This is a follow-up to Part I on the same topic, which you can find here.
Earlier this month I had the opportunity to catch a live presentation by the founder and CEO of Alice.com, Brian Wiegand, at the Consumer Goods conference in Orlando. This was a learning experience on many fronts, as my earlier views were based on partial information.
In a word, the best way to summarize Alice.com is PLATFORM. What Wiegand and team have done is to offer CPG brands the tools and forum with which to sell direct to consumers. Alice takes no ownership of the product, the data or the consumer. They have built a nifty e-commerce platform that allows a brand, and really a community of brands, to easily merchandise themselves to a set of engaged shoppers. Alice does take the burden of financial transaction processing, fulfillment, customer service and data management off the hands of the brands — a welcome proposition for most CPG companies so they can focus on building and marketing their goods. Their fees are based on the services they provide, not how much volume they move.
This business model puts Alice in a unique position. Unlike the first generation of selling consumer packaged goods direct to consumers (Webvan, Netgrocer, etc.), Alice can put their focus on three things: building the platform, ensuring excellent service, and working closely with the brands to mine the data.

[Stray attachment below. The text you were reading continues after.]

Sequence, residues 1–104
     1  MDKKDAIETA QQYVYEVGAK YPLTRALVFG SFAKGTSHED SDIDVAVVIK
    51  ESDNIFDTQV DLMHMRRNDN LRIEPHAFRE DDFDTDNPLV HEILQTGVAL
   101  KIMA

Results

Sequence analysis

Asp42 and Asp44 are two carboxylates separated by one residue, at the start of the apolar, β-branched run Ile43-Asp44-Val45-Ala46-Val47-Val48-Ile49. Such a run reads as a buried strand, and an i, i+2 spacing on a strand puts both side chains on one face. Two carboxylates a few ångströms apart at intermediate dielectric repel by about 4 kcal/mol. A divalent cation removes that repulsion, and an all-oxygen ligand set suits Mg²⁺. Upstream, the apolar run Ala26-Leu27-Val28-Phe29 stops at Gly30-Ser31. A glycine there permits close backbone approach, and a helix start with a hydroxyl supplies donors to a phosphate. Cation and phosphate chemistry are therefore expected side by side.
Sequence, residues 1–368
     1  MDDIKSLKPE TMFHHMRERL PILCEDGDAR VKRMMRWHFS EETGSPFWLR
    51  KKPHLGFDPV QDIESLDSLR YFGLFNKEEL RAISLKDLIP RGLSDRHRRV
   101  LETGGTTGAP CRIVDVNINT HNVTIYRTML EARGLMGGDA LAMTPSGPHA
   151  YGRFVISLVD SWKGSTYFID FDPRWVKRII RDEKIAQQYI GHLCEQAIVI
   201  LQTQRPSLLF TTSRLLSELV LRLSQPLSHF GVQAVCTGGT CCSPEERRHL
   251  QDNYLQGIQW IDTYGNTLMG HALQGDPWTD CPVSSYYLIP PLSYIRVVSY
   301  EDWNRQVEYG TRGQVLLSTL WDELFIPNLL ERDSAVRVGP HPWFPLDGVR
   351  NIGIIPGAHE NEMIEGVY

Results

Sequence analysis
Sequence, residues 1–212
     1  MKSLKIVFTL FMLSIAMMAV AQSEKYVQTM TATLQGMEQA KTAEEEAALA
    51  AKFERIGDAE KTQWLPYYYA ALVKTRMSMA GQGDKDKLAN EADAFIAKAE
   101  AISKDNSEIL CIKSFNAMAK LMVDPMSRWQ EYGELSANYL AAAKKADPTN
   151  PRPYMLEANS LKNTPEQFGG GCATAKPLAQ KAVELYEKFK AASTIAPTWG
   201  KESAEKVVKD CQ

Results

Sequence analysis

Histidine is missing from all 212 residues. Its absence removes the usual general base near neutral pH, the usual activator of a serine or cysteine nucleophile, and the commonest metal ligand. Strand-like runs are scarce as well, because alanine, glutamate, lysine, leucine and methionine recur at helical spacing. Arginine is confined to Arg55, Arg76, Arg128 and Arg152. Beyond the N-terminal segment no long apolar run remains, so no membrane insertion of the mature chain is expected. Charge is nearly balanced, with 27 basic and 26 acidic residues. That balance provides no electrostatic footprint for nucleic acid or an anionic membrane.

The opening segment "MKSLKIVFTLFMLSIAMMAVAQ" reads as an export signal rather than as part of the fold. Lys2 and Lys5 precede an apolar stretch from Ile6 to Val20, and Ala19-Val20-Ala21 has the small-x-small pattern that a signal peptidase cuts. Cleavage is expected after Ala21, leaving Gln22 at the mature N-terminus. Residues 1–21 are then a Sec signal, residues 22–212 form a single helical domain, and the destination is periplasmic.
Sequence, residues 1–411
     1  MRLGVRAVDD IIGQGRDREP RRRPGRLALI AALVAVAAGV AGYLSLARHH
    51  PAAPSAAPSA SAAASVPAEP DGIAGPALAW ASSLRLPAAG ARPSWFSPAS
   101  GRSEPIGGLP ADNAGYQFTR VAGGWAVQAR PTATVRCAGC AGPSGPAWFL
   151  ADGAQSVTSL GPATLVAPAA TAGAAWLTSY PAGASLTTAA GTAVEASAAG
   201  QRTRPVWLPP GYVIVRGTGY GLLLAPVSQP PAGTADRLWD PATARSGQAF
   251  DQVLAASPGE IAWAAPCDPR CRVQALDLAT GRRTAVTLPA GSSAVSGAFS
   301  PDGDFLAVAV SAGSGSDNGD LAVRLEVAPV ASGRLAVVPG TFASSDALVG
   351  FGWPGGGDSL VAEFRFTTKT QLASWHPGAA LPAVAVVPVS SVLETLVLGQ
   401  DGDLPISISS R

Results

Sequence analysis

So while my earlier analysis concluded that this channel may not move tonnage for many brands, it does offer a quick, easy and value-added way to reach a set of high value consumers…efficiently. And since Alice isn’t directly taking a piece of each transaction, the full retail margin is passed directly to the brand helping to support Alice’s promise of free shipping. But the real potential boon here for CPG brands are the valuable insights that can be gleaned by interacting with and marketing directly to consumers. Alice intends to drive a lot of value with this part of the proposition, and rightfully so.